Money matters to college students. Student loans creep up and books get pricier every year. Sometimes the student's financial aid package is small or does not reflect a new financial hardship he is facing. Luckily, most colleges accept requests for more grant and scholarship money. Requesting more money for college requires careful planning and adherence to financial aid deadlines. Structuring the request must reflect both a genuine need and an understanding of the college's financial aid guidelines.

Gather evidence of your economic need. Create a folder that contains your previous year's income tax form and any other relevant documentation of economic hardship. Such documentation might include notice of a parent's dismissal from her job or unplanned medical bills you have to pay.

Meet with a financial aid counselor from your college. Ask him if school policies exist for requesting more money. Some schools, such as Northwestern University or Washington State University, require formal applications for a financial aid appeal. Collect these forms, if necessary.

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Fill out any financial aid appeal forms required by your college, referencing your income tax forms as needed. If no form is required, write a formal letter outlining your need and any special circumstances that may have increased your need since your financial aid package was awarded. Attach a copy of any documentation proving new financial hardships.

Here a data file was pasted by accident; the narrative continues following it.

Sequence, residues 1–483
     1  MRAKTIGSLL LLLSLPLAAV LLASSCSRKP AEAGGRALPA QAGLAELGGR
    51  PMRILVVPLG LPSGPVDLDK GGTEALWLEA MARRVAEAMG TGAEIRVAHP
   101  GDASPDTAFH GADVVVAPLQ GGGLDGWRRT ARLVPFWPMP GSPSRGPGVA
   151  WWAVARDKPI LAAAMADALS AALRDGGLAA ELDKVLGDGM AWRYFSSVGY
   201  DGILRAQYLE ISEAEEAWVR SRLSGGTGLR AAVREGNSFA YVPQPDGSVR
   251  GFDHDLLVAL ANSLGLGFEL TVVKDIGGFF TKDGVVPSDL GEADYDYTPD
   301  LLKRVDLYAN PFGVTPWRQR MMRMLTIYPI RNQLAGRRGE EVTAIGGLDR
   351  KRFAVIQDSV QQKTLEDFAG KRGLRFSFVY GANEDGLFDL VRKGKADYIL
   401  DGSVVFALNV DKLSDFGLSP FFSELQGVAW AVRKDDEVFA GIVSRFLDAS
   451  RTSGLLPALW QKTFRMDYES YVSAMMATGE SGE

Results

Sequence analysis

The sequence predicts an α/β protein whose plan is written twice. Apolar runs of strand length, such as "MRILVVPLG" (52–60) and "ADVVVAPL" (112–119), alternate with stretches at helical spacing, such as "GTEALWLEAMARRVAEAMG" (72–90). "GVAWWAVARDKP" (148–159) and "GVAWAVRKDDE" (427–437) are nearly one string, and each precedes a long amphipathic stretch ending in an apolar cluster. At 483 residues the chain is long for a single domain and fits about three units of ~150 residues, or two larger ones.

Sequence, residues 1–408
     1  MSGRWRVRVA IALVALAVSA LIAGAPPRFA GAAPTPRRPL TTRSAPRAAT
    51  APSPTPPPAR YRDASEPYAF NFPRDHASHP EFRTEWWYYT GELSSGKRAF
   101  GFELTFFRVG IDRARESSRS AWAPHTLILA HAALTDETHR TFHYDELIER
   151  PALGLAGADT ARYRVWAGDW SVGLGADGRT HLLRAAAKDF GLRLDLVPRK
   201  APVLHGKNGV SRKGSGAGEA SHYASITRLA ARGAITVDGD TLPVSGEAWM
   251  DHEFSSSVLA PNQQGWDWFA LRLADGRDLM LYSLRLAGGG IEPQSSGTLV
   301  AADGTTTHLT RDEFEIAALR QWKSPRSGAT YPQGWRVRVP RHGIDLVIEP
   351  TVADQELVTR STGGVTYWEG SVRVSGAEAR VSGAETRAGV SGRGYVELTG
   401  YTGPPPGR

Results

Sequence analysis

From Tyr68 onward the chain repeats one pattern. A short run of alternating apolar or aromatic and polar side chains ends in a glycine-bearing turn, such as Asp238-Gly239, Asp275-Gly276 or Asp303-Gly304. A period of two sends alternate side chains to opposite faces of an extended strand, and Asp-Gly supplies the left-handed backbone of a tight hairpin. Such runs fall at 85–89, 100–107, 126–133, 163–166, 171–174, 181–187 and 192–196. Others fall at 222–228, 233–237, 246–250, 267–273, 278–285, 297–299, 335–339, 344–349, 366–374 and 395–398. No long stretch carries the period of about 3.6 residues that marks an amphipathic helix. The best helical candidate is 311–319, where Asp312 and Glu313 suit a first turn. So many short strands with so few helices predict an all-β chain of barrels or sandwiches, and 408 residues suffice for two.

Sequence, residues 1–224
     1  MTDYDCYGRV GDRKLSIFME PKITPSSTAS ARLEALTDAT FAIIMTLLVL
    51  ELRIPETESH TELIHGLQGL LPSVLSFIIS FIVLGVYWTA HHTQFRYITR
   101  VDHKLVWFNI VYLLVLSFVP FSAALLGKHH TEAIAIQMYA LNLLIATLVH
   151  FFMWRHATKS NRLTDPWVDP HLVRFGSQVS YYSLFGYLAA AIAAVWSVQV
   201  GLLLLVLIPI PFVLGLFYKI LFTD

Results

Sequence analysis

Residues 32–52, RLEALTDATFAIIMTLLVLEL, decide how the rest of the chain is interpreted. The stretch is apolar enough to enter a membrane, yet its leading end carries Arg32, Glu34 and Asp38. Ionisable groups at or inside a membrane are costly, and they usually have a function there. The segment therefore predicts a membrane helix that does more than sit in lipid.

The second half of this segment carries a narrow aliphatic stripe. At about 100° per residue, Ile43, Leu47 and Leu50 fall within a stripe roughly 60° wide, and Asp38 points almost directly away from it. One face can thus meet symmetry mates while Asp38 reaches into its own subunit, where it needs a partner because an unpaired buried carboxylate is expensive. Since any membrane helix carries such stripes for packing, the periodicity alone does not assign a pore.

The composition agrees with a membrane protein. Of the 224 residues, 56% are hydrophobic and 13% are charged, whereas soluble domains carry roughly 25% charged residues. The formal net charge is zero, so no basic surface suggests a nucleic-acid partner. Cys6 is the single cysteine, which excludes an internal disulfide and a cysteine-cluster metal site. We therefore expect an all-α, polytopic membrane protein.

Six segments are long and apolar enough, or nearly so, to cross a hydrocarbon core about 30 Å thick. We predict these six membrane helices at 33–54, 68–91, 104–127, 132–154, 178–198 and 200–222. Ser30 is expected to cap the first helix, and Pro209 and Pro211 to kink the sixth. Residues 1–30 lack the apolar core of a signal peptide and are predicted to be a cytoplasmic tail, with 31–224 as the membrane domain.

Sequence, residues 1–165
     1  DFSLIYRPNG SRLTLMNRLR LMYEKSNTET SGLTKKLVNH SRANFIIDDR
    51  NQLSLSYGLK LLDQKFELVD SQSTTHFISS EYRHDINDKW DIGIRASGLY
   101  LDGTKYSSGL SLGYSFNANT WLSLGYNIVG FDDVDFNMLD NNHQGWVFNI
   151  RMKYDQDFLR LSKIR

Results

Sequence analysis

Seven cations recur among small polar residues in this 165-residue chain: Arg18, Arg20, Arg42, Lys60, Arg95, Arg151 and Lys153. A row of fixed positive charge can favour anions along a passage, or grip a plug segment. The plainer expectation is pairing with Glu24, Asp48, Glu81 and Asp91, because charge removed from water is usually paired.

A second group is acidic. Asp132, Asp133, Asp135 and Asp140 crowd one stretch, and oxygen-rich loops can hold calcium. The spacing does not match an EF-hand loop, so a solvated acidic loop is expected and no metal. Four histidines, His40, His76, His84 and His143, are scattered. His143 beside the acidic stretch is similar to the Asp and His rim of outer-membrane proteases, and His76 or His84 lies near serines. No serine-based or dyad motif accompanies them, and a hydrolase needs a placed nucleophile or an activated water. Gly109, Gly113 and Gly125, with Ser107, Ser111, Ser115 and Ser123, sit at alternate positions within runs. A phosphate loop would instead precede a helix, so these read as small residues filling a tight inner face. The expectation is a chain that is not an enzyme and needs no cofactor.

Meet with a financial aid officer in person, if possible, to deliver the forms or letter. Speak with them about other options such as outside scholarships or grants. Sometimes scholarship money opens up at the start of the semester if former recipients drop out last minute.

Tip

Keep the tone of any communication calm and refrain from being melodramatic. Show that you are a mature addition to the college's student body that will benefit the school if you are able to continue attending.

File your FAFSA (Free Application for Federal Student Aid) by the June 30 deadline every year to optimize your chances of receiving aid. Individual schools sometimes have earlier FAFSA deadlines, so be aware of those as well.

About the Author

Writing since 2005 for a variety of media, Andrea Snow has written on topics ranging from pop culture and film to technology and home-related how-to articles. Her published works include music reviews at "The Owl Mag." She holds a Bachelor of Fine Arts in English literature and film and TV production from New York University.